The city lies on the rail line from Rome to Ancona, and is the point of departure for the branch line to Rieti and L'Aquila. It is the seat of a university, and is one of the most important industrial towns of Umbria.
The city was probably founded in the 7th century BC by the Sabini. In the 3rd century BC it was conquered by the Romans and soon become an important municipium lying on the Via Flaminia. The Roman name was Interamna, meaning "in between two rivers". During the Roman Empire the city was enriched with several buildings, including aqueducts, walls, amphitheaters, temples and bridges.
After the Lombard conquest (755) Terni lost any role of prominence, reducing to a secondary town in the Duchy of Spoleto. In 1174 it was again destroyed by Frederick Barbarossa's general, Archbishop Christian of Mainz. In the following century Terni was one of the favourite seat of St. Francis' prayings.
In the 14th century Terni issued a constitution of its own and from 1353 the walls were enlarged, and new channels were opened. As well as much of the Italian communes of the Late Middle Ages, it was slain by inner disputes between Guelphs and Ghibellines, and later between the two parties of Nobili and Banderari. Later it become part of the Papal States. In 1580 an ironwork, the Ferriera, was introduced to work the iron ore mined in Monteleone di Spoleto, starting the traditional industrial connotation of the city. In the 17th century, however, Terni declined further due to plagues and famines.
In the 19th century Terni took advantage of the Industrial Revolution and of the large presence of water sources in the area. New industries included a steelwork, a foundry, as well as weapons, jute and wool factories. In 1927 Terni became capital of province. The presence of a strong industries concentration made it a favourite target for the Allied bombardments in World War II, totalling 108 raids. Many quarters and public edifices were destroyed.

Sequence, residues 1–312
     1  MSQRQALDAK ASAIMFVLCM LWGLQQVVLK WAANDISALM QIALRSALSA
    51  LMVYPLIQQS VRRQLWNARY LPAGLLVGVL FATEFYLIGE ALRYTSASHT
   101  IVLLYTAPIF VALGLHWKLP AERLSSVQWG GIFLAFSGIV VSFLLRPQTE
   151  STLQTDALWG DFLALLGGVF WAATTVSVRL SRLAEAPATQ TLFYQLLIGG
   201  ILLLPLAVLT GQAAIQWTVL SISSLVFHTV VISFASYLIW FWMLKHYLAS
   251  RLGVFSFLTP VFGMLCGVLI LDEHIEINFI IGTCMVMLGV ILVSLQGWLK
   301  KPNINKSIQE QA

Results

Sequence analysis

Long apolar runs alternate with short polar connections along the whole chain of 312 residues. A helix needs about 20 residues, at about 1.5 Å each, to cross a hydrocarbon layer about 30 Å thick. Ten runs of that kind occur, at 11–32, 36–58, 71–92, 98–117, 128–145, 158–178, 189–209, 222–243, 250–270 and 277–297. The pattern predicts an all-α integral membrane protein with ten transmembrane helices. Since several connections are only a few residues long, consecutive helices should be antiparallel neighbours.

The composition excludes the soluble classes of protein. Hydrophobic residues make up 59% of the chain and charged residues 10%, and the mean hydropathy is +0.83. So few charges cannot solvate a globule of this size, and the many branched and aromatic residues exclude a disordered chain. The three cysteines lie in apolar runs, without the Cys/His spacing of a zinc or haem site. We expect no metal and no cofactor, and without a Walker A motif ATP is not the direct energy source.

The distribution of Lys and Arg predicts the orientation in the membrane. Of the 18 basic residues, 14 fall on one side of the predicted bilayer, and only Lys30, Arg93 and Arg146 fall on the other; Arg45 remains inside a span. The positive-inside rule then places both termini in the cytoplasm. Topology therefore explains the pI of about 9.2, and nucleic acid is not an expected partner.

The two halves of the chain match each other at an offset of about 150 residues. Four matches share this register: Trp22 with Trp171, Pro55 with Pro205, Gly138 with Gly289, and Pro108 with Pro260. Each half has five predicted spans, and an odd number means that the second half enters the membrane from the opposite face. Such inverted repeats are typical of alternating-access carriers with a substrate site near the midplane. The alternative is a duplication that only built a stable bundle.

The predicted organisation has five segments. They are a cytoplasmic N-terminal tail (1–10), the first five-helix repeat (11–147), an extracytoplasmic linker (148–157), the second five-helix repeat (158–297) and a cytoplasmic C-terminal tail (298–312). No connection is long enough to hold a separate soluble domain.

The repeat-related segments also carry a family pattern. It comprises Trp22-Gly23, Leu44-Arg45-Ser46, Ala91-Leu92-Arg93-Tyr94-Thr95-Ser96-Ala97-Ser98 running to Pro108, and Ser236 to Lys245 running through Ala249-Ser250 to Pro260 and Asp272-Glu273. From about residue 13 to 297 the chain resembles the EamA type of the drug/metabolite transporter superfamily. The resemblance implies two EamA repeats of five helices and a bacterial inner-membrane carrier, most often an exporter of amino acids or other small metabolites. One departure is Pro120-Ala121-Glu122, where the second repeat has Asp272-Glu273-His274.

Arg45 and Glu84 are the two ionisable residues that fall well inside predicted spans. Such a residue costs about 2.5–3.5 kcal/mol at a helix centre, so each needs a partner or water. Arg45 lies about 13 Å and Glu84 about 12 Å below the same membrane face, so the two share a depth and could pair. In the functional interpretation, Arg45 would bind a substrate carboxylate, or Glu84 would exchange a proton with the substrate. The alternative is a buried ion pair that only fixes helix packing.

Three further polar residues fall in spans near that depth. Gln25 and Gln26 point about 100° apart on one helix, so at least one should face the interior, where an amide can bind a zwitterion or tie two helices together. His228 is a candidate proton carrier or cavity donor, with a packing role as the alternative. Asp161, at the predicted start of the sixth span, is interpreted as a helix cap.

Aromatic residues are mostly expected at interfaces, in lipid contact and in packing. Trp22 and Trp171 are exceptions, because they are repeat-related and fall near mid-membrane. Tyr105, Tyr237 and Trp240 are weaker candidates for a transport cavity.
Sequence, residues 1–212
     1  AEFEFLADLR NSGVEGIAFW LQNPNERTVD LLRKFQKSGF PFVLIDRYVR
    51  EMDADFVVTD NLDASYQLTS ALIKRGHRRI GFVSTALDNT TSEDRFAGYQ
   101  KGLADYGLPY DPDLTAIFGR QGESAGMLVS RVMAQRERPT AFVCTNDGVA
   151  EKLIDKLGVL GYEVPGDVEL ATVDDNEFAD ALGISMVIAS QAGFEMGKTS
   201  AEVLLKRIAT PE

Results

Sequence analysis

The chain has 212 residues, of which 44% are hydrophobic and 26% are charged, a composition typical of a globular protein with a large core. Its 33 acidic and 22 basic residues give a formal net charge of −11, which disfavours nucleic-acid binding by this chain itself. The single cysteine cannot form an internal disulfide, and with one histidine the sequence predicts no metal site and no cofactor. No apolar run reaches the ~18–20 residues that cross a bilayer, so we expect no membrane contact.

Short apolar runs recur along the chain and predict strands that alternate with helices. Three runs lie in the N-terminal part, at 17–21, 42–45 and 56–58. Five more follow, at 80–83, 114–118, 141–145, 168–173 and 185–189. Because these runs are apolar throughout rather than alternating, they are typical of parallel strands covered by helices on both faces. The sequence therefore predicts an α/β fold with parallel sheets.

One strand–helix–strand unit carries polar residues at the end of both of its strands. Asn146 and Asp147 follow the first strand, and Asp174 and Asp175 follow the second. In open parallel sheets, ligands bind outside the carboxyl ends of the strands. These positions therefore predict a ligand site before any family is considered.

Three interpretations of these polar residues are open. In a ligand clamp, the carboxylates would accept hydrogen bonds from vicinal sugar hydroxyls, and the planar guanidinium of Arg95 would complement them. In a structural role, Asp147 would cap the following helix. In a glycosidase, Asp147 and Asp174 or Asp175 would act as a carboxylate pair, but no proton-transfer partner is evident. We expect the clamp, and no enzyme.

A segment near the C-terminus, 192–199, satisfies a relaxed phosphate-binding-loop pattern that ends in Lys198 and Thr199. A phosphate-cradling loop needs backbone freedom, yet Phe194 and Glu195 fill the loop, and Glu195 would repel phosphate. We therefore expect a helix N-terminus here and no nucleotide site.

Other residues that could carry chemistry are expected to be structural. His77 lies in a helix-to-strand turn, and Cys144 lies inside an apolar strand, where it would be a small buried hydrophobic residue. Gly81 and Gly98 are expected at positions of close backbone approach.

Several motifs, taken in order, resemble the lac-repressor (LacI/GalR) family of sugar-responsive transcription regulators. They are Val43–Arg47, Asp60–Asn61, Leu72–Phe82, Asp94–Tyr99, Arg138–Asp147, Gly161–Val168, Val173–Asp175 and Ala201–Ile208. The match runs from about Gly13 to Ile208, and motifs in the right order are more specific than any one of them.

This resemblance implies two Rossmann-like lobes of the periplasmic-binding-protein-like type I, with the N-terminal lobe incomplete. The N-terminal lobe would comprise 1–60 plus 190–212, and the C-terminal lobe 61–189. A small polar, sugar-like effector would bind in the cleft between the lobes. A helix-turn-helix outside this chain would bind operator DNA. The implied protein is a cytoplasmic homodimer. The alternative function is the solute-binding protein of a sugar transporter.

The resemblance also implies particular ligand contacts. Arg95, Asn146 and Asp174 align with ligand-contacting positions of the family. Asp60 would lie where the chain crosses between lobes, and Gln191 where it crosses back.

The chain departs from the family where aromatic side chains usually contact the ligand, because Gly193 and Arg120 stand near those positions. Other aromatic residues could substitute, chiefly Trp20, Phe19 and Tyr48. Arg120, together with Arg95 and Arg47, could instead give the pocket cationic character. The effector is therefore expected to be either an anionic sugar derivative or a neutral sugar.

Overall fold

The Roman historian Tacitus is often stated to have been born in Terni, but there is no evidence for the claim, which is circumstantially based on the probable birth there of the emperor of the same name, and on the attested fact that that emperor took care to have his namesake's works widely copied, in the apparent belief that they were related.
The case of St. Valentine is more complex, since there was undoubtedly an early bishop of Terni by that name, who is the city's patron. In late Antiquity, however, the name was a common one, and the bishop has become conflated with several other saints, the most important of whom, the soldier saint, was probably not from Terni.